Tong has been sharing a working space with fellow artists David Boyce and Joshua W. F. Thomson for almost three years, and their current studio represents a major upgrade in terms of presentability: their previous space was shared with a group of dancers, which made any visit difficult. The South Island Art Night is the trio’s first open studio experience in Hong Kong.
“This is a good working environment – it’s clean, it’s new and the floor is level,” said Boyce of the current space. “We’ve had an interesting crowd of both local and overseas people tonight. It’s a nice range of different sorts of people coming through.”
When it comes to welcoming visitors to the area, there are probably few rivals to Spring Workshop, which one gallerist described as “the anchor tenant of the area”. The non-profit space’s increasing popularity bodes well for the Wong Chuk Hang district as a whole.
“We’ve had over 600 people so far, and that’s just this evening,” Mimi Brown told me a few minutes before the art night ended. The founder of Spring Workshop received hourly updates by phone of visitor figures from her staff. “It’s such a big difference to when we had [the exhibition of] Yang Fudong’s [video installation The Fifth Night] three years ago, when we didn’t have that number of people [over] the whole month of the show,” she said.
Compared to Spring Workshop's usual exhibition openings, Brown sees various advantages to a special occasion like the South Island Art Night. “Tonight, the benefit is the number of new audience members who have the opportunity to discover a new neighbourhood with their friends. It’s much more casual,” she said.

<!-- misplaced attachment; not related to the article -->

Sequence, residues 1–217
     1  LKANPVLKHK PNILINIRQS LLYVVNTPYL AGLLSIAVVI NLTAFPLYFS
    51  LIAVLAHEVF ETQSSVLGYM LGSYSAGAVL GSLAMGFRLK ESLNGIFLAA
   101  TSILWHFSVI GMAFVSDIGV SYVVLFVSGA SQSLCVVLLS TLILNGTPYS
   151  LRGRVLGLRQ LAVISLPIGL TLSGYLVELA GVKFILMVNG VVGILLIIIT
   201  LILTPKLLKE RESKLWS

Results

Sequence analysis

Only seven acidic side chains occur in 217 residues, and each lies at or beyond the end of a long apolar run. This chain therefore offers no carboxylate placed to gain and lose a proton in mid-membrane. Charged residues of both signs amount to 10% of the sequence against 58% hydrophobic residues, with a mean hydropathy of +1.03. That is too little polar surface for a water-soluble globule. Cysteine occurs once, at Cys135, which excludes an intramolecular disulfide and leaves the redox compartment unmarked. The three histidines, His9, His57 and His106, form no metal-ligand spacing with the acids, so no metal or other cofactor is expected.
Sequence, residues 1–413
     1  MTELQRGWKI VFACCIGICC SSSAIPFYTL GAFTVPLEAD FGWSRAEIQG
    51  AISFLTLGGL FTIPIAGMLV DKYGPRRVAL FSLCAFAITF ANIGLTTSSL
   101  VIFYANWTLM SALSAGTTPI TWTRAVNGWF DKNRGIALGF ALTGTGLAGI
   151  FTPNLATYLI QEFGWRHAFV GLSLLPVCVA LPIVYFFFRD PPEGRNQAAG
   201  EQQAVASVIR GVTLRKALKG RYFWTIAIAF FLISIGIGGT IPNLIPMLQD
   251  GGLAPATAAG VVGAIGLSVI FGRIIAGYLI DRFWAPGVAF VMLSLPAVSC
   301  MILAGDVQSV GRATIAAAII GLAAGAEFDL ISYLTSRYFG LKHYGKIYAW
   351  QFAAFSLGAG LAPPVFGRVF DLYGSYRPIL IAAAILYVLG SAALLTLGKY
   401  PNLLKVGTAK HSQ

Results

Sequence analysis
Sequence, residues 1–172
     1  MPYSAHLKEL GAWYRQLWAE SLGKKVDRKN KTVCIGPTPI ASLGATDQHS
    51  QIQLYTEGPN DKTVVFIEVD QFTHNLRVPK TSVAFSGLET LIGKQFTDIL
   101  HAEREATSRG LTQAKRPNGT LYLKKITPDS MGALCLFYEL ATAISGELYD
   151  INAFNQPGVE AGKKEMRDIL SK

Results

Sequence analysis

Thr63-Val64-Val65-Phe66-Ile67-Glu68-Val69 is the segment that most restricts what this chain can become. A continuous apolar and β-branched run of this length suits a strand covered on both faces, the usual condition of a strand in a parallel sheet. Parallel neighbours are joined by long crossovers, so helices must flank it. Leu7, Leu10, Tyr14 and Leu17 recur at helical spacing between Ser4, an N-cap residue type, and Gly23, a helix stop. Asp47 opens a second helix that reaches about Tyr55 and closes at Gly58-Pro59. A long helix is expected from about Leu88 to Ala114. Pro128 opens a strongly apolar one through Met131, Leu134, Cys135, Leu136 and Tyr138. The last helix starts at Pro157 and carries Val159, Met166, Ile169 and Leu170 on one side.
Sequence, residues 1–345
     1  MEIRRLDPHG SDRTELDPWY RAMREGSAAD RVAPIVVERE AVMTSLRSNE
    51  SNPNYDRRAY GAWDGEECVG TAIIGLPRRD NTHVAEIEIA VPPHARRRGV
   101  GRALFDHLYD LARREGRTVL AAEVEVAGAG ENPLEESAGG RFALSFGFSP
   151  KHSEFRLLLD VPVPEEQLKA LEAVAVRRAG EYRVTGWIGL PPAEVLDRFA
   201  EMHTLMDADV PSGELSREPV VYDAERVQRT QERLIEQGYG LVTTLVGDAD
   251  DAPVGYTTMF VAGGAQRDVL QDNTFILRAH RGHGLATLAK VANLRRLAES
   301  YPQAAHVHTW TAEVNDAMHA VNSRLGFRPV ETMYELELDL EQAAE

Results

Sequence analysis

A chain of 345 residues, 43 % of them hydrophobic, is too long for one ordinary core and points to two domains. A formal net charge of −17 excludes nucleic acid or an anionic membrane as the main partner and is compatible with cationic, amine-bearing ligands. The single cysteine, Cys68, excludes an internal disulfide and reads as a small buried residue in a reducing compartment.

“On the other nights when we have just a Spring talk – let’s say, by [the Singaporean artist] Ming Wong – it’s more for people who’re specifically interested in Ming. The benefit of those nights is you have people who have a unique interest in what the artist is doing. So those are also beautiful nights – with fewer but more specialised people.”
Asked about the demographics of the visitors on Sunday, Brown said her impression was that, compared to last year’s Art Basel event, there had been a much larger proportion of locals.
“I think the benefit of having Chai Wan Mei or South Island Art Night is that people feel like there are multiple options – so you’re not just going to see one thing,” she says. “I do think that’s helping the branding.”
With the upcoming completion of the MTR’s South Island Line (East), the status of Wong Chuk Hang as an art destination is no doubt going to receive a major boost. For now, however, both artists and galleries are enjoying their last months of tranquillity, as reflected by the subdued atmosphere in more than a few venues we visited.
“We all realise when the MTR opens, everything is going to change,” said Maggio. “But now it’s very quiet. It’s like a little village where everyone – the artists, architects, writers, filmmakers and clothes designers – is just quietly working in a nice way.”